Indeed, its new, Orwellian, motto is: “For the Greener Good.” And I do mean Orwellian, because Wal-Mart seems to want to play Big Brother to its suppliers.

Straightening out Hamburger Helper is just one example of the use of Wal-Mart’s green muscle (perhaps its new symbol should be The In-credible Hulk). Procter & Gamble, too, has apparently been pressured to produce only concentrated detergent,

The problem is that the Hamburger Helper intervention might burnish Wal-Mart’s CSR credentials, but it makes General Mills look stupid, and undermines the free market more generally.

The Hamburger Helper intervention might burnish Wal-Mart’s CSR credentials, but it makes General Mills look stupid, and undermines the free market more generally

General Mills was either inefficient in providing its Hamburger Helper in a form that consumers didn’t want, and which involved waste packaging, thus damaging its own profitability, or, if its consumers really did like their curly pasta, it has sacrificed them to environmental bullying.

I sent an e-mail to General Mills asking– among other things– about the role of Mr. Scott, why Hamburger Helper was curly in the first place and whether any market study had been done on how consumers felt about the shape shift. The company claimed that consumers were happy with the changes, and ignored the questions about Mr. Scott and the pasta’s shape. It also asserted that General Mills had been “focused on efficiency and minimizing our impact on the environment for decades.” But that’s the point. Economizing on packaging and raw materials is a critical aspect of any business, as is responding to, and anticipating, consumer wants.

Green marketing is hardly a new phenomenon. Almost twenty years ago, Dave Nichol, the marketing genius who spearheaded Loblaw’s President’s Choice brand, said, “I think in the future we’re going to look back at this point in time as the start of what is going to be the most important revolution in our society — the politicization of the consumption process.”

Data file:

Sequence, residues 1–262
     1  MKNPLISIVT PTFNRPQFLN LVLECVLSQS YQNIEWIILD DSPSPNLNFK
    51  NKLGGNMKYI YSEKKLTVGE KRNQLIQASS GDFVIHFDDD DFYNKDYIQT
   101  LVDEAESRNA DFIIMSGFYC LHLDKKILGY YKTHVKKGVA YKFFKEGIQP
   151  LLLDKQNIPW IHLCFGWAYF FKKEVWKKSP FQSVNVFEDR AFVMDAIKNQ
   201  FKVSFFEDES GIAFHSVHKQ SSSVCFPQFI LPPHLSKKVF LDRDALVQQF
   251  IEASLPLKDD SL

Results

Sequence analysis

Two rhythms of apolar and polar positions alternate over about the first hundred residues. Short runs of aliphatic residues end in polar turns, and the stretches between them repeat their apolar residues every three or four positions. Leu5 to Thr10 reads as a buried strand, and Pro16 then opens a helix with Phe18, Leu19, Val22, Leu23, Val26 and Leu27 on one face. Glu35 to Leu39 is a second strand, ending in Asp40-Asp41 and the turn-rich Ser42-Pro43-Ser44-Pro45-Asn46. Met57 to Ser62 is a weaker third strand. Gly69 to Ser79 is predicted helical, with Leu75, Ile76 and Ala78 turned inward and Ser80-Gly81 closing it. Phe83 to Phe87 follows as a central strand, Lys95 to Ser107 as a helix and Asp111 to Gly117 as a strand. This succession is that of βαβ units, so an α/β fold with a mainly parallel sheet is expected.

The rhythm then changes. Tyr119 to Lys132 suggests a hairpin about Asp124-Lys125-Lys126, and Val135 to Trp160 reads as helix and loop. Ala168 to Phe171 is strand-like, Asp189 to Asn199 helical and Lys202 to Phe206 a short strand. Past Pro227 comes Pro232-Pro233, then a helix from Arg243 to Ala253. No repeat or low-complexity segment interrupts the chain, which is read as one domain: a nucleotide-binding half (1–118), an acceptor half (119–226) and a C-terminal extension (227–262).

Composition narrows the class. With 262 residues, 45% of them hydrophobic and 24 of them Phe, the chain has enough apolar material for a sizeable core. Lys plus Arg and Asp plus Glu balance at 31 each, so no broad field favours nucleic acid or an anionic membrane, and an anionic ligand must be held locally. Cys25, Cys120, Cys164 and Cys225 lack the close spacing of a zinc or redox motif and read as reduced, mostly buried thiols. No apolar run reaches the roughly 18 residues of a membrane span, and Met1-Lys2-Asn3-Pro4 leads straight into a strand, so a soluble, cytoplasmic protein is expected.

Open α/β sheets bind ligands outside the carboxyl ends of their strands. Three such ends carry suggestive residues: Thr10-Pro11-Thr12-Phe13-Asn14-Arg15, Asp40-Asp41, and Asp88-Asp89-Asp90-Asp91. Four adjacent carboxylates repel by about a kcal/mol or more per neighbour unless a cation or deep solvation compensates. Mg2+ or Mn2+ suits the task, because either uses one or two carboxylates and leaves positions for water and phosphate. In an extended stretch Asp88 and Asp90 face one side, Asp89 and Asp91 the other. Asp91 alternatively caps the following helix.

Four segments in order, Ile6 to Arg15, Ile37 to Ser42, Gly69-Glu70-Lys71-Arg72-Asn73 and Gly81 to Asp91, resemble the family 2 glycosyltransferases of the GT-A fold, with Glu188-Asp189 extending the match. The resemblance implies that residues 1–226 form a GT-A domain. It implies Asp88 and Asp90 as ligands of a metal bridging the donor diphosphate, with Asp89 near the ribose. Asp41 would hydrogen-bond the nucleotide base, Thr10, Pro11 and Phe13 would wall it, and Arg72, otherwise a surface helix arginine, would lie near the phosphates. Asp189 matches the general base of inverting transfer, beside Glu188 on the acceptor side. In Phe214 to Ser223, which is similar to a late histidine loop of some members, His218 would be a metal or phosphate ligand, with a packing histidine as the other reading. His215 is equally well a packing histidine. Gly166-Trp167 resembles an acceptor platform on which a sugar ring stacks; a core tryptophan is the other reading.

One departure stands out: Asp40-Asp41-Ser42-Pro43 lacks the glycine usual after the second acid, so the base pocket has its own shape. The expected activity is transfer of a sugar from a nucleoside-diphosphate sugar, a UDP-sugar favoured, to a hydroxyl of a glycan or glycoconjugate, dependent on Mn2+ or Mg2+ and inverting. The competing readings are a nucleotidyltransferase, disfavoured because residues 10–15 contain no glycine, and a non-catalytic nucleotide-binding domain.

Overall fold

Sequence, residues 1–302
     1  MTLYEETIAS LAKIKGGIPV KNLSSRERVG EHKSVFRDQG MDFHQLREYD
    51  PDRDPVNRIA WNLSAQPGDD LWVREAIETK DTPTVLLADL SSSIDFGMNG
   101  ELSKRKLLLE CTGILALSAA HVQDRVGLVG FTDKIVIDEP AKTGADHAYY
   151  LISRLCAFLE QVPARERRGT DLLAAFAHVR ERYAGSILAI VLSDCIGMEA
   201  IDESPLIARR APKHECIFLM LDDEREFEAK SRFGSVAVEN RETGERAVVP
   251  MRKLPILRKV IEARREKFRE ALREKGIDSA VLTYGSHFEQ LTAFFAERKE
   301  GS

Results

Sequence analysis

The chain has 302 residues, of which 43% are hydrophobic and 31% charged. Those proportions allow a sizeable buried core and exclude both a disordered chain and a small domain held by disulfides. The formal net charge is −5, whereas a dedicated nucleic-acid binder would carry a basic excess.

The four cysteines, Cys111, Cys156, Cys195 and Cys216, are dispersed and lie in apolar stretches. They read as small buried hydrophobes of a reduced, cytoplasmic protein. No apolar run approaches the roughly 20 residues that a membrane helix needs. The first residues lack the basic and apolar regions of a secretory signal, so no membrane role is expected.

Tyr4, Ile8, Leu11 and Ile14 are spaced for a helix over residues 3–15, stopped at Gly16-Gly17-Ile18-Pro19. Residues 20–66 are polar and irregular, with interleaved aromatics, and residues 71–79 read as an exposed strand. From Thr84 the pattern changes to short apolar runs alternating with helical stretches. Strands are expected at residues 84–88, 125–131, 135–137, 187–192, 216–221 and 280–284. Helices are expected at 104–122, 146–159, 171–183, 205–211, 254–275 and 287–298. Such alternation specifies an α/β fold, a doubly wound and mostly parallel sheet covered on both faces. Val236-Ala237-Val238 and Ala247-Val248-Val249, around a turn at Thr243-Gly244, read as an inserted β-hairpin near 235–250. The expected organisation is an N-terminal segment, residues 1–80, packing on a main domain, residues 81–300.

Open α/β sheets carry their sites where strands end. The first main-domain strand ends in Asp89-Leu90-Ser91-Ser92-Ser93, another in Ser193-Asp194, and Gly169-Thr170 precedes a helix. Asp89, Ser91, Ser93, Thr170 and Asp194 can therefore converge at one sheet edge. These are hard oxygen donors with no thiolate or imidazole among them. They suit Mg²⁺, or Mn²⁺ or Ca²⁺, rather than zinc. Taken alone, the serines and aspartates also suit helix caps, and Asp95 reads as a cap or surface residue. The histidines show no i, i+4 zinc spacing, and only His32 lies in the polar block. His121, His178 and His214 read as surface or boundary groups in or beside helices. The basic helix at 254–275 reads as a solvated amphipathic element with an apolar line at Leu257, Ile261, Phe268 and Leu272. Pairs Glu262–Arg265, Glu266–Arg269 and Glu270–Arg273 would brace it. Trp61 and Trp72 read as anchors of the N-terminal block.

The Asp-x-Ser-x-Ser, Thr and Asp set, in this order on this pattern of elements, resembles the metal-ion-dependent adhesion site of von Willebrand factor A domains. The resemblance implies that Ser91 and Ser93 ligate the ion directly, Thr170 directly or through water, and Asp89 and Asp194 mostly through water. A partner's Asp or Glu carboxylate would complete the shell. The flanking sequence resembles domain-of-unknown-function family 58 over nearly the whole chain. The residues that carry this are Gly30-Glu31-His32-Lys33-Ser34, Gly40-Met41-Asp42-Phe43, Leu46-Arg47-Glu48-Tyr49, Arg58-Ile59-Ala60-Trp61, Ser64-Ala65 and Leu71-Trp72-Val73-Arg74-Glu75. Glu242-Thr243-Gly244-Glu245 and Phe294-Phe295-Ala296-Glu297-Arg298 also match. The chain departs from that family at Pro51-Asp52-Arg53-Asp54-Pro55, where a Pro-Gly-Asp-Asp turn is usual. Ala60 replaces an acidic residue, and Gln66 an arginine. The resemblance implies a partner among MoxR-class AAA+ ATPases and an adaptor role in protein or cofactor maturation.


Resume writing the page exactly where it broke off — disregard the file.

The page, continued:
It was an astonishingly prescient choice of words, although what Mr. Nichol was in fact talking about was the power of consumers “to vote for the environment at the cash register.” Things have turned out somewhat differently, significantly due to climate change hysteria. Corporations now seem to imagine that it is their role to be out in front of consumers — indeed, that they should force consumers into the paths dictated by radical NGOs. They also pressure their suppliers as a means of taking the heat off themselves. This thrust is inevitably pushed farther by a growing army of environmental consultants and “licensers” who earn fat fees for nagging their clients, and/or providing them with a “Cloak of Green”

Corporations, by subscribing to vague sustainability, are unwittingly leaving themselves open to an almost infinite range of further demands and interference. Whether they realize it or not, they are subscribing to the blanket condemnation that markets do not work and that the whole capitalist system represents one giant “market failure” that requires fretting and tinkering at every level, from noodle shapes through carbon labeling to the calculation of “food miles.” That way lies madness, but that’s where we’re heading.